Radical cleric Anwar al-Awlaki is also thought to be hiding in Yemen and is thought to have instructed Umar Farouk Abdulmuttalab, who is accused of trying to detonate a bomb in his underwear on a Detroit-bound flight on Christmas Day 2009.

Yemen also has been the site of anti-U.S. attacks: The USS Cole was bombed when it stopped to refuel in Aden on Oct. 12, 2000, and 17 sailors were killed.

Mr. Crowley acknowledged counterterrorism cooperation with Yemen, but added, “At the same time, part of the solution to combating violent extremism in Yemen is … political and economic reform.”

Secretary of State Hillary Rodham Clinton delivered a similar message on a trip to Yemen earlier this month.

The Obama administration has been supportive of the rights and freedoms of the anti-government protesters since the Tunisian uprising.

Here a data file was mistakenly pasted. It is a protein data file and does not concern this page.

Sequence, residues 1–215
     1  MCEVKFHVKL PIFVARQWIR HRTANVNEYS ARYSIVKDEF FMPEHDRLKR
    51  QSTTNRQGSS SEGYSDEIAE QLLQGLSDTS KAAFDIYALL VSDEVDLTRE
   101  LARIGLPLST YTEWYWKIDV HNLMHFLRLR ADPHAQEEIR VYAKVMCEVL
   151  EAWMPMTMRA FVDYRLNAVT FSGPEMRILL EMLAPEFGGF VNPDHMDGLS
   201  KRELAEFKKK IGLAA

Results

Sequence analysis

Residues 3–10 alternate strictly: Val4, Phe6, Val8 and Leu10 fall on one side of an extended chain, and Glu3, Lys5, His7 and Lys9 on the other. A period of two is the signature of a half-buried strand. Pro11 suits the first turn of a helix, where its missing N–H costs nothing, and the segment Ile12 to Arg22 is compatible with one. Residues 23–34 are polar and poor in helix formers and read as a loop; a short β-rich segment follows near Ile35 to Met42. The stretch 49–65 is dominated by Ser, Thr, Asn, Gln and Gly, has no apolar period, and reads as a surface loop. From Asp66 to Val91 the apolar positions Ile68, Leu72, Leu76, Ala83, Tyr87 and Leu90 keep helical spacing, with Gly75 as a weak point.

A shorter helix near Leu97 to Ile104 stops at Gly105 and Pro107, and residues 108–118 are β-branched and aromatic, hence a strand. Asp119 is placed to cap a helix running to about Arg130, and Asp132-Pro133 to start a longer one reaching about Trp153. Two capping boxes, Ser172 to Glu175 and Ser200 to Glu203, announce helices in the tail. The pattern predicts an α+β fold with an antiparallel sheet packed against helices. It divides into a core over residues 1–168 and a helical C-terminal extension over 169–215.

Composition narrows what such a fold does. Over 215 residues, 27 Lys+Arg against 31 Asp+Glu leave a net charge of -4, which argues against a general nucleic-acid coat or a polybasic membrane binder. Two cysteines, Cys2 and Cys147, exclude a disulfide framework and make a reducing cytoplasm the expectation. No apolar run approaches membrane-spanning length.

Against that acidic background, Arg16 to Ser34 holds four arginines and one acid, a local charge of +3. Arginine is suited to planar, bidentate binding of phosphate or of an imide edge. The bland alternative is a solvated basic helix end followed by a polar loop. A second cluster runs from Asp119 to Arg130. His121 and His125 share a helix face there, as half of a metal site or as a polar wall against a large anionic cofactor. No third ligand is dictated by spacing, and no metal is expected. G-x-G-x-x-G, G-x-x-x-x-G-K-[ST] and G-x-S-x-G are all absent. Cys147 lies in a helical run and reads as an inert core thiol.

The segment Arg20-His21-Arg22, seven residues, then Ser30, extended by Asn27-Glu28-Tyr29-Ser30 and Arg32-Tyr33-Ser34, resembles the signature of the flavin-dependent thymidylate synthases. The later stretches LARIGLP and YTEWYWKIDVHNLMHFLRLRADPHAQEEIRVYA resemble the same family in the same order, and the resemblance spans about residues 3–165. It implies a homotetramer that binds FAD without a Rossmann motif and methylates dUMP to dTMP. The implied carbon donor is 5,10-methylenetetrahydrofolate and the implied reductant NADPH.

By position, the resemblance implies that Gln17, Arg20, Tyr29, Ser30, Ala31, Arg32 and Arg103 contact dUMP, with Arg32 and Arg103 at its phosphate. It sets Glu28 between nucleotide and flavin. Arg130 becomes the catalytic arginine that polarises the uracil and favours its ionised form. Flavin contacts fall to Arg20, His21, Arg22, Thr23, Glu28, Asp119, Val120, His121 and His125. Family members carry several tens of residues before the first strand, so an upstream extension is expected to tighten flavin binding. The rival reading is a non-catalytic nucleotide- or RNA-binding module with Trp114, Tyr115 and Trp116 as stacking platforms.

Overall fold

“There is a lot of nervousness in Washington right now, even as everyone supports in principle the advocacy of democracy, I think there is also a level of discomfort,” Mr. Telhami said.

Mr. Crowley said developments in Tunisia had created an opportunity.

“It’s an opportunity that presents itself in Egypt. It’s an opportunity that presents itself in Yemen. And … we believe that governments need to take advantage of this opportunity to expand their dialogue with their populations and respond to the aspirations of their people,” he said.

At a news conference with his Canadian counterpart on Thursday, Defense Secretary Robert M. Gates called for “across-the-board” reforms in Arab nations rocked by civil unrest.